Bet You Didn't Know!
Now that I have explained the process of getting your license andthe steps to becoming a full-fledged no restrictions driver, I wanted to follow up with some tips and tricks that will help you as you become a more seasoned driver.
When I first started this series, I mentioned the excitement I felt about getting my license and the freedom I just knew it would allow me. Never once did I think about insurance and how much it would cost my single mom nor did I consider any of the common sense rules that you don’t learn in the handbook. All I knew was that I could drive my friends down to Main Street and cruise around with all the other teenage drivers.
Outside of the gradual licensing process, one of the biggest changes I have noticed is that if you are under 18 and considering dropping out of school, you can have your license revoked. You can also lose your license if you receive a suspension for more than 10 consecutive days or are assigned to an alternative education setting due to disciplinary action for more than 10 consecutive days. This loss will last for 12 months or until a Driving Eligibility Certificate is obtained.
Here are some tips about your actual driving.
- When stopped at an intersection and after looking both ways, make your last look in the direction with the least amount of visibility. This allows you to see anything that might come around a blind curve at the last minute.
- Know how to change a tire
- If you are caught driving under the influence (over .08) and are convicted, you face losing your license for one year and you will have 12 points added to your insurance. To break it down monetarily, that means that your insurance premiums will increase by 340% once you get your license back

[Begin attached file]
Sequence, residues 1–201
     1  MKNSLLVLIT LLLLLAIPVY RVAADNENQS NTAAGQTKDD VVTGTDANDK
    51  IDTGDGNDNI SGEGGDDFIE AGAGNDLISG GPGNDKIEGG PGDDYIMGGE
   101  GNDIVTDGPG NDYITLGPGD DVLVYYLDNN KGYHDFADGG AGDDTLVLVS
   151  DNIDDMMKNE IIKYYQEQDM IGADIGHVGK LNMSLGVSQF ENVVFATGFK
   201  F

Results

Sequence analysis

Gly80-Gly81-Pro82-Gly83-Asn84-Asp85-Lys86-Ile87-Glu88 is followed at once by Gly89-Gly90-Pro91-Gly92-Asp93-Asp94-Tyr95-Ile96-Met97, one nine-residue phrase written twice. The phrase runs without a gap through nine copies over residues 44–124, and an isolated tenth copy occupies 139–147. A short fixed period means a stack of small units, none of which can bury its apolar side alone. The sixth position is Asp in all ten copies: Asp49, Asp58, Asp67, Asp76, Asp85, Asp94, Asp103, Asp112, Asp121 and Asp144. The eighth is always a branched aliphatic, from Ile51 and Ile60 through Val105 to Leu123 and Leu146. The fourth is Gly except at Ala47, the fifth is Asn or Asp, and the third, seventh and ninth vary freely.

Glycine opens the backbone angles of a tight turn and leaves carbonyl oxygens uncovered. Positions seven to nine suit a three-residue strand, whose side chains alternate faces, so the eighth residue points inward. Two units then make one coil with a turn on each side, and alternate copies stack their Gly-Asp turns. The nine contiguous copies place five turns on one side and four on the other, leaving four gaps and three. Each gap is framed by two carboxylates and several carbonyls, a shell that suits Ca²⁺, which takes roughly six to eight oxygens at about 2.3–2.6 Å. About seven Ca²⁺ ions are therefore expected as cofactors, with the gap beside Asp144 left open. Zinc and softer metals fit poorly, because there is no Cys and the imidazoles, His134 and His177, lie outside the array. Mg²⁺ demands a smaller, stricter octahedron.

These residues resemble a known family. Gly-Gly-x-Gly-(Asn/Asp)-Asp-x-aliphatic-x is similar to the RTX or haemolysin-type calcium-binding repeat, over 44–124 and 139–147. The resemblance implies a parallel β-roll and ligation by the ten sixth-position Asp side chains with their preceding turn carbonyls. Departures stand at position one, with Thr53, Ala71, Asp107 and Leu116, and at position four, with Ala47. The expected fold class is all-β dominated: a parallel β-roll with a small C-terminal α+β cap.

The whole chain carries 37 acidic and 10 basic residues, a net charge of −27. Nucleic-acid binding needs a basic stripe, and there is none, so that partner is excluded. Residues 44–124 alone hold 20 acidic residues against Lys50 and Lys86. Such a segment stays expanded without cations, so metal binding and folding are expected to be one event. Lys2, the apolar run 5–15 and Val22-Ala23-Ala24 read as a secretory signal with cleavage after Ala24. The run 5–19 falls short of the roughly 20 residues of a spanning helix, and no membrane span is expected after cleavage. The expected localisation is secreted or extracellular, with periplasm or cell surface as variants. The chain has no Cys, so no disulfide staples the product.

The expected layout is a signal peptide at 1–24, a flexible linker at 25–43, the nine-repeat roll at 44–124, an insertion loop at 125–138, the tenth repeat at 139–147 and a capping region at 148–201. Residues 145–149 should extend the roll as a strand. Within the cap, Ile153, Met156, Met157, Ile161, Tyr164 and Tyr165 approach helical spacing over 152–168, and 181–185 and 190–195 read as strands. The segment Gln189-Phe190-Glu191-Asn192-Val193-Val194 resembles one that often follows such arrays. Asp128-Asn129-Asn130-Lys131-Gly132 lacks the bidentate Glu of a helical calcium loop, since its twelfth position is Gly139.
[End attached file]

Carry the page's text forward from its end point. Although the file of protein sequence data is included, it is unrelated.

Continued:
- Drive with your lights on in any inclement weather or during dawn and dusk hours. Just because you can see does not mean that others can see you
- Pay attention to not block an intersection. Trying to make that green or yellow light by blocking an intersection just causes a traffic jam where no direction of traffic gets to move forward.
You have been given a great privilege by having a drivers’ license and this is something that can take you on many great adventures throughout your life. You worked hard to get it, now remember to work hard to keep it. Be safe and courteous and you will have better driving experiences.
Good luck and happy travels
This is a reprint from an article Wake wrote last year for our ezine. With Thanksgiving two days away I thought it appropriate to remind everyone about safety in the kitchen. While this blog does not mention the dangers of turkey fryers, there are several web sites available that will show you the proper and safe way to deep fry a turkey. We hope everyone has a safe and enjoyable Holiday weekend.
The most common type of kitchen fire that we see in this business is the fire that is started by grease catching on fire in a pan on the stove. The danger of this kind of fire is often exacerbated by the way people attempt to put out this type of fire. If you throw water onto a grease fire, the water, which is heavier than the oil, will sink to the bottom, then become superheated and the steam will push its way up and out of the pan. The force of this kind of explosion can be quite stunning and worst of all, this explosion will smear burning oil all over the kitchen from the ceiling to the walls. After this has happened, the best course of action would be to get out of the house and call the fire department.
Other inaccurate wisdoms that are handed down about grease fires include throwing flour or sugar on a grease fire in a pan. These are also very dangerous strategies, in fact it is estimated that throwing one cup of flour or sugar on a burning grease fire in a pan can create an explosion with the force of up to two sticks of dynamite.
Fortunately, there is a simple and low tech solution to this type of fire.
Step 1 – Turn off the heat on the burner.